By Doug Trumm
The progressive wing of Seattle politics is having a vigorous debate about the future of the city with plenty of new policy ideas bouncing around. So, what’s going on in the center and right-wing politics? It’s hard to find anything new, but certainly the age-old issue of crime (and specifically getting tough on it) is rearing its head this primary season.
Interim Seattle Police Department (SPD) Chief Adrian Diaz went on KIRO Radio this week to essentially stump for Bruce Harrell’s campaign, arguing the next mayor must increase police funding, hire more officers, and toughen sentencing. “We need a mayor that will support the police department,” Diaz said.
The police chief’s comments amounted to electioneering and flaunted laws banning election activities in an official City capacity. However, he may not face any consequences for this, much like most of the SPD officers who attended the January 6th insurrection or the handful that illegally voted from their work address rather than home addresses in the suburbs. Frankly, it’s a pattern for SPD to believe it’s above the law and above reproach.
Centrist talking heads also seem to be drawing blanks when it comes to core change they’d make beyond more police and getting tough on homeless people and protesters. Take for example, a recent column by Joni Balter in Crosscut. She spends a lot of words criticizing progressive candidates, but what are the core problems she highlights and the solutions? Well, activists showing up at elected leaders’ homes to protest — particularly the centrist ones — seems to be the main thing that’s gone wrong in her eyes. What does she propose to do about it? Mainly blame progressive leaders and demanding more police funding and tough-sounding rhetoric.
By the way, I should probably clarify: protesting outside an elected official house is not illegal. However, it does feel mean-spirited to some. And if it’s accompanied by threats and/or hate speech, there may well be legal recourse.
Like the Police Chief, Balter points to an uptick in the homicide rate to support her assertion that cutting police funding is ludicrous and throwing more money at them is the only serious solution. But with SPD’s budget still on a massive upward trend long-term even after the Seattle City Council trimmed 18% off SPD’s books last year, it’s not clear what more money would accomplish. Even with the homicide spike during the pandemic, Seattle has significantly fewer homicides and violent crimes per capita now than in the 1980s and 1990s. Seattle spends more on policing despite fewer violent crimes, but at the same time the clearance rate (percentage of crimes that are solved) has actually gotten worse. Plus, despite a decade of reform efforts, crowd control tactics have grown more brutal and counterproductive.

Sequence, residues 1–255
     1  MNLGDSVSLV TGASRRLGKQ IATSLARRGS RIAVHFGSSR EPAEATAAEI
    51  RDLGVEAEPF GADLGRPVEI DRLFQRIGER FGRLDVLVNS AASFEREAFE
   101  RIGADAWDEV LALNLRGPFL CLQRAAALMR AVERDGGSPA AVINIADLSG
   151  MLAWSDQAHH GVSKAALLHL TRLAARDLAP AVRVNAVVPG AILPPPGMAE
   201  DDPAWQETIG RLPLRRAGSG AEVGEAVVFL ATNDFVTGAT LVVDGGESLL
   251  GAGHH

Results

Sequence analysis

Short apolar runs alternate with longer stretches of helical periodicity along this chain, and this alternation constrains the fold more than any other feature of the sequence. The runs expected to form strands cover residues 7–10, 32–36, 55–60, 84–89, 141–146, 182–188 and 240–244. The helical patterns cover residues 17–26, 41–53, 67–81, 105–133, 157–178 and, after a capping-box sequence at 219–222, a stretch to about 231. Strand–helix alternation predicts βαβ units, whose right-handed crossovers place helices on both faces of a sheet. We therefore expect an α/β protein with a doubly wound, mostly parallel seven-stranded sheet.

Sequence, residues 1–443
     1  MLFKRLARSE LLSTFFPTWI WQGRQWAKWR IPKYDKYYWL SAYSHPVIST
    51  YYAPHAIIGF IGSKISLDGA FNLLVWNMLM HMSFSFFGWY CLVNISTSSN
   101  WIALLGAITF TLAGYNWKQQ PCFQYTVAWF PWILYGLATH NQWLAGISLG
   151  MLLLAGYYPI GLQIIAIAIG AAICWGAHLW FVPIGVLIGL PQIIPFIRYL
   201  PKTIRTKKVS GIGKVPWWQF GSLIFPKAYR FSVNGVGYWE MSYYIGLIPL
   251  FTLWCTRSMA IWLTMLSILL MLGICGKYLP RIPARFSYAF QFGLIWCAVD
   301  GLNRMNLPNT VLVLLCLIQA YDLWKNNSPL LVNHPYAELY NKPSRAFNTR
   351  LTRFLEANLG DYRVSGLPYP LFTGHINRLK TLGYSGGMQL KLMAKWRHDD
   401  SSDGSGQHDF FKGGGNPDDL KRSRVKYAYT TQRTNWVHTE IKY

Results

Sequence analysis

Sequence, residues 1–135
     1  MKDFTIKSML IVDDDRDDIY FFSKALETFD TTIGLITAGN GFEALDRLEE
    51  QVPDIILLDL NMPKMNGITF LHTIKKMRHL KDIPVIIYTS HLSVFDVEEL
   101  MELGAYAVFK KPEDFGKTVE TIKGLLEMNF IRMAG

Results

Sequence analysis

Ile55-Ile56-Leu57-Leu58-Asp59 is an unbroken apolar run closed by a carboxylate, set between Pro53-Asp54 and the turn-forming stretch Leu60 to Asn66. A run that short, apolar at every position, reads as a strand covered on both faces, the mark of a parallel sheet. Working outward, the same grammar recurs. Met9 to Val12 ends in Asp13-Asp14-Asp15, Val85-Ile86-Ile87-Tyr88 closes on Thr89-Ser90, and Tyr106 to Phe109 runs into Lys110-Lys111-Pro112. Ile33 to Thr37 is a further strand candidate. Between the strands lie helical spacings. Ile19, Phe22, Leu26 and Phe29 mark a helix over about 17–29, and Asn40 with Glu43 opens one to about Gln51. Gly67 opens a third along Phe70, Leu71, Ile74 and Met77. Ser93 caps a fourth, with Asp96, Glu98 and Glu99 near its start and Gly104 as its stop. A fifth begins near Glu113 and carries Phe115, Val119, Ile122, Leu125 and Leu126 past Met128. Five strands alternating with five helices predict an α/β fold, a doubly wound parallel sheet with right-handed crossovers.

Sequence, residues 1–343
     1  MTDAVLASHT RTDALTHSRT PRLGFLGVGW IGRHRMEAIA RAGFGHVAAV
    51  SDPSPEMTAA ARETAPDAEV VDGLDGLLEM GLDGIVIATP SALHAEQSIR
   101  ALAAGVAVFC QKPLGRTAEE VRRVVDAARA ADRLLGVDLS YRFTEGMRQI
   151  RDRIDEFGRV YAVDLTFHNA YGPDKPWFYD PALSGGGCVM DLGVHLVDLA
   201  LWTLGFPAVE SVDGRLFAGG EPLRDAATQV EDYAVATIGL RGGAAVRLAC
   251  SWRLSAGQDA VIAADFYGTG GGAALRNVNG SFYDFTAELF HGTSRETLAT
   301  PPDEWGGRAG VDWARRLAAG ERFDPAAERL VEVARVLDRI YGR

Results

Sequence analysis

What is one to make of these statistics? Reflexively increase police funding to say we did something? That’s what we’ve done throughout the drug war era and see where it’s gotten us. The United States has the highest incarceration rate and the largest prison population in the world, accounting for a quarter of all inmates with less than 5% of the world’s population. And yet centrists and conservatives are never satisfied. It’s always the right time to get tough on crime when there’s an election to win. We as voters have to stop rewarding these cynical fear-based appeals.
Balter said she supports police reform, but it’s not clear which reforms and how she would hope to achieve them and how successful they would be — particularly without using the budget as leverage to bring the Seattle Police Officers Guild to the bargaining table and hold them to accountability measures. She frets that defunding the police could hurt Democrats higher up on the ticket in coming elections, but this is a rather generalized and amorphous anxiety on which to base city policy. Harrell has been critical of defunding the police, and that does seem to be the primary issue he’s tangibly parted ways with the city council since he left.
It’s pretty clear Balter favors Harrell in this race, but even she admits he has a tightrope to walk. Harrell is only 18 months removed from a 12-year stint on Seattle City Council and yet he’s running as an outsider and painting himself as an entity separate from City Council’s problems, which apparently all quickly developed after he left.
“Based on my conversations at farmers markets and grocery stores, the city has lost total confidence in the city council,” Harrell told Balter in an interview last week. “They have lost confidence in the executive office working with the council. I make it crystal clear that I am tired of criticizing the past. I am going forward.”